QB: Yes it was! It was inspired by when I adopted my actual cat, Jack…I got him from a Saturday adoption at a Petco. I was completely enamored with the environment. I thought it would be a great workplace comedy because we hadn’t seen [a comedy] in that kind of an environment yet. And I thought it was just awesome that it only took place on Saturdays — so what that looks like, what they bring to the story after their whole week has gone by is really interesting to me. The characters are kind of inspired by the people that I saw there who were volunteering…It got me really interested in what makes a person volunteer on Saturdays to help pets get homes. What kind of person does that?
HG: How did you connect with the adoption centers who provide the animals for the shows?
QB: That was really easy! Our production staff reached out to various shelters and adoption centers in the area, and they were all on board. They were more than happy to have their animals featured, because their objective really is to get their animals into a good home and to let people know that they’re available, instead of people going to buy animals from breeders…Their objective was creating awareness. It was so easy working with them and getting them on board. That was probably the easiest part of the entire experience…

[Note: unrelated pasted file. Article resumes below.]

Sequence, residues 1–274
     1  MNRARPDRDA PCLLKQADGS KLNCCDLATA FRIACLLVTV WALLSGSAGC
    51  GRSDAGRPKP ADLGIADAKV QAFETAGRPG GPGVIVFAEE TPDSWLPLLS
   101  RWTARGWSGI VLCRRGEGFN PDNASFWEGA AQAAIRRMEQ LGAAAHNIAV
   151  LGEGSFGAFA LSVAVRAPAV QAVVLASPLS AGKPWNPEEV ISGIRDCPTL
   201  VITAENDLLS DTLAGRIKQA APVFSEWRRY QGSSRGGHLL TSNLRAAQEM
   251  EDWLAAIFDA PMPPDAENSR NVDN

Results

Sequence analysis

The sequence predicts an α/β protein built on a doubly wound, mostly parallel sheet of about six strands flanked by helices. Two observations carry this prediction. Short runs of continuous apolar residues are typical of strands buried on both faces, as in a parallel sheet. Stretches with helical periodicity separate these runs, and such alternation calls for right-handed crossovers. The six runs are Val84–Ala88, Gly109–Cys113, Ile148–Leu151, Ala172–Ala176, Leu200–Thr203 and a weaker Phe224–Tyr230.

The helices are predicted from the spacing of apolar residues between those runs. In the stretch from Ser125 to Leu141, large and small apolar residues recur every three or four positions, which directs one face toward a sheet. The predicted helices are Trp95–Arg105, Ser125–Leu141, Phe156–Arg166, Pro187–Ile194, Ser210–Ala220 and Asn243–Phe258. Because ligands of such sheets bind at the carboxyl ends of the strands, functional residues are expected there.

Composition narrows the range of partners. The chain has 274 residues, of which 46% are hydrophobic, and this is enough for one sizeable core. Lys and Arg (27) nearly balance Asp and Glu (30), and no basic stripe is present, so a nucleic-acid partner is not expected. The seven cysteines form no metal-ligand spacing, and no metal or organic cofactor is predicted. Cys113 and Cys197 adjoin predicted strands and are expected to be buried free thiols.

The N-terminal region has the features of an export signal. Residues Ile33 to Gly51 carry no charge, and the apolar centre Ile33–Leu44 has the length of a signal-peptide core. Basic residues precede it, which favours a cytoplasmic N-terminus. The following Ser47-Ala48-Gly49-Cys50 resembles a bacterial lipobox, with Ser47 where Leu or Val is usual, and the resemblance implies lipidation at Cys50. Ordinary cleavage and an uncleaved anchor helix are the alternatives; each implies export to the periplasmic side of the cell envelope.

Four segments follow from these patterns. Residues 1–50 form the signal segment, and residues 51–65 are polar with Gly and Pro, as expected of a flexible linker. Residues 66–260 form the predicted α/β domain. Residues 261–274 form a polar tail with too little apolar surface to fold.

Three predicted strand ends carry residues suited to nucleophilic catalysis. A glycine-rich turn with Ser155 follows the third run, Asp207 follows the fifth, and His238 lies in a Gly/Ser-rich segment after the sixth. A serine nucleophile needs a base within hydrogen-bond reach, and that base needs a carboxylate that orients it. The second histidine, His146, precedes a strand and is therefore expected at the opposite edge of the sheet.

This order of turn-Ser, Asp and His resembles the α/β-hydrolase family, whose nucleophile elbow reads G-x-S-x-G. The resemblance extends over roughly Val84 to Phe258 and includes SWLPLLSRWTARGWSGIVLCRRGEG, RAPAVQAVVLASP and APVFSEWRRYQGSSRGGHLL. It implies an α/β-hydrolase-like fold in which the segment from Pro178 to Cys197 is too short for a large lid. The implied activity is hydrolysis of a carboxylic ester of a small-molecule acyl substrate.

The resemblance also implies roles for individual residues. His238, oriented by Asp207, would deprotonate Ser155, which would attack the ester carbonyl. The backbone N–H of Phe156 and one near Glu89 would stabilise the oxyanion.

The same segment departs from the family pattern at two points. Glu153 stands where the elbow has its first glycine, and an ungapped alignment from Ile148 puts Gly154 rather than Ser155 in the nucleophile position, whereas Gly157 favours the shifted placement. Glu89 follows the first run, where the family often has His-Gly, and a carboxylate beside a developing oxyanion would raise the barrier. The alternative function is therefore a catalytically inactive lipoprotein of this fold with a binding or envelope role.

You are the creator of Up for Adoption, and we see you in more of a supporting role than we have in other work you have done, like Broke.
QB: When I wrote Up for Adoption, I was not going to be playing any of the characters. I was never supposed to be on the show. I wrote it without that…After developing the story more with Verizon, they definitely wanted me to be a part of the show. And Michelle was the only character where I could fit in consistently, because she’s not related to any of the other characters. I was definitely a writer and creator first for this, and an actor last…Broke was based more on my personal experiences, a bit autobiographical. Whereas Up for Adoption completely wasn’t.
HG: Up for Adoption has 10 minute episodes — of course, that’s not yet a half hour sitcom, but it’s longer than some of your previous work. Are you interested in creating longer content? Do you have plans to create beyond the digital space?